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Income from Let out House Property

by | May 3, 2024 | Income Tax | 0 comments

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Important keyword: Income from House Property, Income Heads, Section 80EE.

Income from Let out House Property

Owning a home has long been a cherished aspiration for the Indian middle class. As homeownership becomes a reality for many, it’s crucial to grasp the tax implications associated with different types of House Property Income. Under the Income Tax Act, House Property Income falls into three main categories:

  1. Self-occupied House / Permanent Residency: This category includes properties that are used as the primary residence of the owner. If you live in the property you own, it falls under this classification. The tax treatment for self-occupied houses differs from that of rented properties.
  2. Let out House / Rented Property: Properties that are rented out to tenants fall into this category. Any income generated from renting out such properties is considered Let Out House Property Income. The rental income earned is taxable under the head “Income from House Property.”
  3. Deemed Let out House Property/ Vacant House: Properties that are neither self-occupied nor rented out are classified as Deemed Let Out House Property or Vacant Houses. Even if these properties remain unoccupied, they are deemed to be let out for tax purposes. This means that not deriving any income from a property does not exempt it from taxation.

How to Calculate Let Out House Property Income?

Rental Income: This refers to the total rent received by the property owner during the financial year.

Municipal Taxes: If you’ve paid any Municipal Taxes for your property, you can claim a deduction for the same under Section 23 of the Income Tax Act.

Standard Deduction: Homeowners incur various expenses for maintaining and preserving their property. However, these expenses cannot be directly deducted from rental income. To address this, homeowners can avail of a 30% standard deduction on the Net Annual Value under Section 23.

Home Loan Interest Payment: Interest paid on a home loan is considered an allowable expenditure when calculating income from house property. For self-occupied properties, a deduction of up to Rs. 2,00,000 is permitted. However, the deduction is limited to the amount of rent received if the property is let out. Also, any loss exceeding Rs. 2,00,000 cannot be set off against other incomes.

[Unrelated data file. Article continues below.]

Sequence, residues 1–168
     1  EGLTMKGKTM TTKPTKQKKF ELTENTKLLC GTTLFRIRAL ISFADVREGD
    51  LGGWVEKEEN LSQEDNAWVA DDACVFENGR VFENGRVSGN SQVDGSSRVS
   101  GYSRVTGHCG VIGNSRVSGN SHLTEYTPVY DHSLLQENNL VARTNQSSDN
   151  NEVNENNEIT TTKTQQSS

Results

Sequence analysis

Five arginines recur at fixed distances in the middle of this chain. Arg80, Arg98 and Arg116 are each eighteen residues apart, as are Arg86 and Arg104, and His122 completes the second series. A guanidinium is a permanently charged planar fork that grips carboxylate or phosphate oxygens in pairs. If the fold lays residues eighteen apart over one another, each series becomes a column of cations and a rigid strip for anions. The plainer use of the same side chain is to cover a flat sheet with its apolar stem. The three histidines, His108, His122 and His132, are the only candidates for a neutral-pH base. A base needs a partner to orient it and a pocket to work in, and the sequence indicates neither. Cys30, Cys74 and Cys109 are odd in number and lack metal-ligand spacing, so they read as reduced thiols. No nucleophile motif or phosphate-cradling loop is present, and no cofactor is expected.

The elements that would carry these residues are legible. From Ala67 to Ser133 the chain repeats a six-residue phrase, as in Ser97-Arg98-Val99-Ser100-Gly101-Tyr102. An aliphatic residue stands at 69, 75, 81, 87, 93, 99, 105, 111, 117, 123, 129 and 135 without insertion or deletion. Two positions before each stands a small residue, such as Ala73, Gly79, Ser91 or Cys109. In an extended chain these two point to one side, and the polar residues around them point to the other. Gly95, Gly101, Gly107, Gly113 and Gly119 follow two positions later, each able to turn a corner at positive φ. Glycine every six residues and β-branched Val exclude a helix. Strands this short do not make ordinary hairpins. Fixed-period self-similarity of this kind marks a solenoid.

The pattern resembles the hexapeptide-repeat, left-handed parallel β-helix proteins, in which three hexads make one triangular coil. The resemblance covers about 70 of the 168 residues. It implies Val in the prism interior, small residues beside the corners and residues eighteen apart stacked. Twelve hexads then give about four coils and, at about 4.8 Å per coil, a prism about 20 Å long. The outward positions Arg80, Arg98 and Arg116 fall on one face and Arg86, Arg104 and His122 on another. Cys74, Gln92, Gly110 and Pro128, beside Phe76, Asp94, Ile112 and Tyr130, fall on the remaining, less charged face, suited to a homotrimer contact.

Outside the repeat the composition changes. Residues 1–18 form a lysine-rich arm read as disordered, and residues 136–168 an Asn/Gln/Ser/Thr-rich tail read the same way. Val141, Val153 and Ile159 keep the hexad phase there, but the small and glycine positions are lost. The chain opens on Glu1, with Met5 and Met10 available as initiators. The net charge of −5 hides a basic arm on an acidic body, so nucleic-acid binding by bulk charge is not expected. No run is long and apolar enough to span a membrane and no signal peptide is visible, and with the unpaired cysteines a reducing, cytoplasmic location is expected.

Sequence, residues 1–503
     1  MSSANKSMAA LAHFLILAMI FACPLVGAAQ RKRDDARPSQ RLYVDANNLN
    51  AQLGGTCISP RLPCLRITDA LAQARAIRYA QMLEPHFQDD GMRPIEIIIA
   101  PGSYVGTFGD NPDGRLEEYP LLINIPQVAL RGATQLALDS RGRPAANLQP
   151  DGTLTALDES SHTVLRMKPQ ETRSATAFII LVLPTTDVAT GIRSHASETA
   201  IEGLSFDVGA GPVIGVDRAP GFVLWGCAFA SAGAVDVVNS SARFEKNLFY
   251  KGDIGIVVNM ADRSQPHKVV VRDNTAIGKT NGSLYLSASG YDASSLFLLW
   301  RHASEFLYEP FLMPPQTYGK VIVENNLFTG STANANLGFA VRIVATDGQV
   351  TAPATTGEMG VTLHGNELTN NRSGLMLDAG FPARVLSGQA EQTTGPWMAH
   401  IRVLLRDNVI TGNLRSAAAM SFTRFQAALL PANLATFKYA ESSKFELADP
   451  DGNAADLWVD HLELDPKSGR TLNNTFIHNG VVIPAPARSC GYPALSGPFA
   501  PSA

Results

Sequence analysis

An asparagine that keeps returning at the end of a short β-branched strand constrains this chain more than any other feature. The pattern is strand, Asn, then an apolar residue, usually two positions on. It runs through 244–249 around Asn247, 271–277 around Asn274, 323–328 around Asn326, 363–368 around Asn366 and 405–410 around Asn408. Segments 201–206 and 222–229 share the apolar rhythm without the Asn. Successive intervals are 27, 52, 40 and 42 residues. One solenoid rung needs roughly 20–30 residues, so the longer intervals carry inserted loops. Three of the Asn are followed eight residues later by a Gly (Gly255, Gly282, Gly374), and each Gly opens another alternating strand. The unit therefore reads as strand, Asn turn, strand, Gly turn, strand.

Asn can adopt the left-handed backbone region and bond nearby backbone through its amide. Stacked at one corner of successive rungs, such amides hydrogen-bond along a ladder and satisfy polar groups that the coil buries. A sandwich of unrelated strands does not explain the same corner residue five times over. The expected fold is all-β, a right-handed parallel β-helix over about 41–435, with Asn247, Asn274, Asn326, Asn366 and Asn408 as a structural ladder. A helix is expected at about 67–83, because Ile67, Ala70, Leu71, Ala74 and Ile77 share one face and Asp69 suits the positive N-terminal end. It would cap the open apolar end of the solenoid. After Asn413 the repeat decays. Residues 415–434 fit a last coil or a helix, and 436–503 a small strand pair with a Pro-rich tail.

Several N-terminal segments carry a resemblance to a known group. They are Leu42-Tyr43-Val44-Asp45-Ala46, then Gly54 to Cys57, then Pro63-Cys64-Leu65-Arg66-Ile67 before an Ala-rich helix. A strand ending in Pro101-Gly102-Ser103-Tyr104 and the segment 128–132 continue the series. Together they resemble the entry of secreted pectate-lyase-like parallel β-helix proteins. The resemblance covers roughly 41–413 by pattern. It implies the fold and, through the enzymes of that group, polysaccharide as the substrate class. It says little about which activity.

Home Loan Principal Repayment as Deduction: Under Section 80C of the Income Tax Act, individuals can claim a deduction for home loan principal repayment of up to Rs. 1,50,000.

Additional Deduction u/s 80EE: First-time home buyers can avail of an additional deduction of Rs. 50,000 under Section 80EE. This is in addition to the deductions available under Section 24(b) and Section 80C.

Benefit of Co-ownership of Property

Absolutely, joint ownership of a property, known as co-ownership, offers tax advantages for all co-owners. When multiple individuals own a property together, the income generated from that property is taxable in the hands of each co-owner according to their ownership share. This means that the tax burden is distributed among the co-owners based on their respective ownership percentages.

Co-ownership not only allows individuals to share the financial responsibilities and benefits of owning a property but also provides an opportunity to optimize tax liabilities. By spreading the tax liability across multiple individuals, co-ownership can result in significant tax savings for each co-owner. This makes it a favorable option for many people looking to invest in property while also managing their tax obligations efficiently.

Income Tax Deductions for Joint Owners

When it comes to co-ownership and co-borrowing of a home loan, the tax implications vary depending on the roles of each individual involved:

Co-owners and Co-borrowers:

If co-owners of a self-occupied property are also co-borrowers of a home loan, each co-owner can claim a deduction on the interest paid on the loan, up to Rs. 2 lakh each.

Additionally, they can claim deductions on principal repayments, stamp duty, and registration charges under Section 80C, with an overall limit of Rs. 1.5 lakh. The deduction amount for each benefit is determined based on the share of ownership in the property.

Co-borrowers without Co-ownership:

If an individual is a co-borrower of a home loan but not a co-owner of the property, they cannot claim deductions on the interest paid on the home loan.

Furthermore, they are not eligible for any benefits related to principal repayment, stamp duty, etc.

Co-owners without Co-borrowing:

If an individual is only a co-owner of a property and not a co-borrower of the loan, they cannot claim deductions on the interest paid on the home loan.

However, each co-owner can claim deductions on stamp duty and registration charges under Section 80C, with an overall limit of Rs. 1.5 lakh. The deduction amount is divided based on the respective ownership shares in the property.

In summary, the tax benefits available to co-owners and co-borrowers are contingent upon their roles in the ownership and financing of the property, with each scenario offering different deduction opportunities under the Income Tax Act.

Read More: Income from Deemed Let-Out House Property

Web Stories: Income from Deemed Let-Out House Property

Official Income Tax Return filing website: https://incometaxindia.gov.in/


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